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How To Treat Acne & Dry Skin (part 2)

How To Treat Acne & Dry Skin (part 2)

You might remember in a previous article (read How To Treat Acne On Dry Skin (part 1) if you haven’t already) I talked about the best skincare products and rituals for those experiencing acne AND dry skin.

And I mentioned that there is more to this story than skincare alone. So today I want to talk about some other things we can consider when thinking about treating and healing acne and dry skin together.

Hormones and our skin

Remember, the women who have been asking about this skin problem are adult women around the age of peri-menopause or menopause. And so we would be foolish to ignore the effects of hormonal changes at this time.

The main cause of skin issues at this time in our lives is oestrogen… or rather the lack of it – during the menopause process, levels of oestrogen our bodies produce drops significantly.

Lowered oestrogen levels can result in reduced elasticity in our skin, dryness, more pronounced lines and wrinkles, acne, irritation, sensitivity, and more. As you can see, oestrogen is important for our skin’s health.

So what can we do when our bodies naturally stop producing the levels of oestrogen our skin requires? We can look for oestrogen-mimicking foods such as soybeans and flax seeds.

Sidenote: if you’re already past menopause and your body has found balance, I wouldn’t advise trying to manipulate your hormones with food in this way as it could cause more upset and imbalance to your system.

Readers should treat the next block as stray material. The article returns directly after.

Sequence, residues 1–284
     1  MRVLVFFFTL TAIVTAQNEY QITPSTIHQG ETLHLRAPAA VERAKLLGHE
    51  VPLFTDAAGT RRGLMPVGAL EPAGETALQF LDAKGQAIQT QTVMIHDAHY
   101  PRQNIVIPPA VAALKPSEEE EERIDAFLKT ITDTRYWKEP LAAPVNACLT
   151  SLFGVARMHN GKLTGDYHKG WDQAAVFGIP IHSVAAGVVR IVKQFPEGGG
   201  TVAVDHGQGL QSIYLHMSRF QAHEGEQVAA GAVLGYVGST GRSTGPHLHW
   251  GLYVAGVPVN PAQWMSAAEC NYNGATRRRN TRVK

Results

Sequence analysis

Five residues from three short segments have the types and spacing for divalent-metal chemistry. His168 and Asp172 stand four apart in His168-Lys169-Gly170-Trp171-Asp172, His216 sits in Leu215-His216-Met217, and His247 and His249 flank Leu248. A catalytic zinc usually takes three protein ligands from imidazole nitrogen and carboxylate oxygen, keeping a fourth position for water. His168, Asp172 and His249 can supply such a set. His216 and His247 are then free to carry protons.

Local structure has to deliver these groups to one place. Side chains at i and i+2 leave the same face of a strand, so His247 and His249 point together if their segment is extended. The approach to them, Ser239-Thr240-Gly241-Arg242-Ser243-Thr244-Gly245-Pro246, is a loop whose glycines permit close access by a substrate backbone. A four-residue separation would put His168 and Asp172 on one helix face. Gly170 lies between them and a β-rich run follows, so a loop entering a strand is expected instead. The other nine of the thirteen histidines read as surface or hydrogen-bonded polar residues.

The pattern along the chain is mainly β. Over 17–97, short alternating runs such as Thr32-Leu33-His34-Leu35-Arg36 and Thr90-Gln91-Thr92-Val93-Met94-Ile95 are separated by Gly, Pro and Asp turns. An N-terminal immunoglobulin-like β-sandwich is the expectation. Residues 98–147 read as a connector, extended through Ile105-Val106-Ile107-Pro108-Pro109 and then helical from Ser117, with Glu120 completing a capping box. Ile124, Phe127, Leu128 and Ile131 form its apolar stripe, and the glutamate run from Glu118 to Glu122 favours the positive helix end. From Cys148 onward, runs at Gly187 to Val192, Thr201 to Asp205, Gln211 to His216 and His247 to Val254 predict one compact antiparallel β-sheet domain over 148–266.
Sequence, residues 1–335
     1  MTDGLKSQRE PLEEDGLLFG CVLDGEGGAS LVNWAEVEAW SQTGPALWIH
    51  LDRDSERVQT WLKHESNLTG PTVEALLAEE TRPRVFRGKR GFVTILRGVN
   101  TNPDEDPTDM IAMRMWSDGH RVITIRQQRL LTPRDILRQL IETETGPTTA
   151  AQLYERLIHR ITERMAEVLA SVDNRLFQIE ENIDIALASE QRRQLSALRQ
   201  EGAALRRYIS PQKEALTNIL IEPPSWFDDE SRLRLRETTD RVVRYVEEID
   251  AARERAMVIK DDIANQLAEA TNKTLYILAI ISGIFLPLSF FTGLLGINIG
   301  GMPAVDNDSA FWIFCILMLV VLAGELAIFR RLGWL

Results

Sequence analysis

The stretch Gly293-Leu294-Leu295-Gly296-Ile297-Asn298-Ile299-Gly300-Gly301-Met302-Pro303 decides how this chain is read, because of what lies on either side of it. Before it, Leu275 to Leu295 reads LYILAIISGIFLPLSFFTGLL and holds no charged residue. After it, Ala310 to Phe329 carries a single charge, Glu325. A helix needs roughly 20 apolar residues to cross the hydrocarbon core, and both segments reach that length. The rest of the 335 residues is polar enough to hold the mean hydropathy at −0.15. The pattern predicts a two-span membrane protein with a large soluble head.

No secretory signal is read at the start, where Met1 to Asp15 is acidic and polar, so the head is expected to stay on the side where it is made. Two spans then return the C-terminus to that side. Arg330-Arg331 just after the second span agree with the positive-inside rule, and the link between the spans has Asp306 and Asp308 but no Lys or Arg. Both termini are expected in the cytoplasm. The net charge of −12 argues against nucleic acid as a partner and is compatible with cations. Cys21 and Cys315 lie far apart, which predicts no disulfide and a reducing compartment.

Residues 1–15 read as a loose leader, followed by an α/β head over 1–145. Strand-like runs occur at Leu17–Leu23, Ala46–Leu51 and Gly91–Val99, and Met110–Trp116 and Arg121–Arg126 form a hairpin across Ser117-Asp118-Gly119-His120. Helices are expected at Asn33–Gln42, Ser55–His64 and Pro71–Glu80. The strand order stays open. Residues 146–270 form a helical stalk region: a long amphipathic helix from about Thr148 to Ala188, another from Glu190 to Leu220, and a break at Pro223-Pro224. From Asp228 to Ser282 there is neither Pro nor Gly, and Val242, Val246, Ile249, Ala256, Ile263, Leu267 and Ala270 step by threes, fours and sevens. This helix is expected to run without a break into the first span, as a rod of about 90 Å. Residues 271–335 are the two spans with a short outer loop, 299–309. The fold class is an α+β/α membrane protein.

Diet for healthy skin

Beyond the specific hormonal requirements from our diet, mentioned above, a healthy diet in general will greatly benefit your skin.

This is perhaps an obvious point and one I have talked about many times previously so I won’t labour too much on it here. Suffice to say that our bodies and our skin will gain health and wellbeing from fresh, whole, organic foods where possible.

A liver support supplement would be beneficial to help reduce breakouts, and you could also add supplements such as evening primrose oil or fish oils (there are vegan alternatives available) to your diet to support your skin’s natural oil levels.

Wrap up warm

Obviously you can’t completely cover your face to shield it from harsh weather conditions, but ensuring the rest of your body is dressed for the occasion, as they say, can help a lot. This is because when your body is sufficiently warm, it means your circulation can continue functioning as “normal” (i.e. supplying your whole body – and skin – with the healthy nutrients it requires) rather than needing to focus on keeping warm.

Humidify your air

This is simple and oh-so-effective tip for dry skin… ensure the air in your home (or office – wherever you spend a lot of time) is not too dry, because dry air = drying to the skin.

An easy way to do this, without the need for any fancy machines, is to place a small bowl of water on top of or near-to the radiators, (unless they’re electric, obvs), wood-burning stoves, or other heat sources in any room. The heat will cause the water to evapourate into the air, avoiding any dry air situations. Just make sure you keep the water topped-up.

Another way to humidify the air in a room with with plants. Plants add moisture to the air through a process called evapotranspiration – water from the soil makes its way up through the roots of the plant, through the stems, and up to the leaves (transpiration), where it’s evaporated into the air through pores on the leaves.

Conclusion

As we saw in my previous article, the right skincare products and rituals are vital for healthy skin. And there are also other things you might need to consider, too, such as those I’ve listed, here.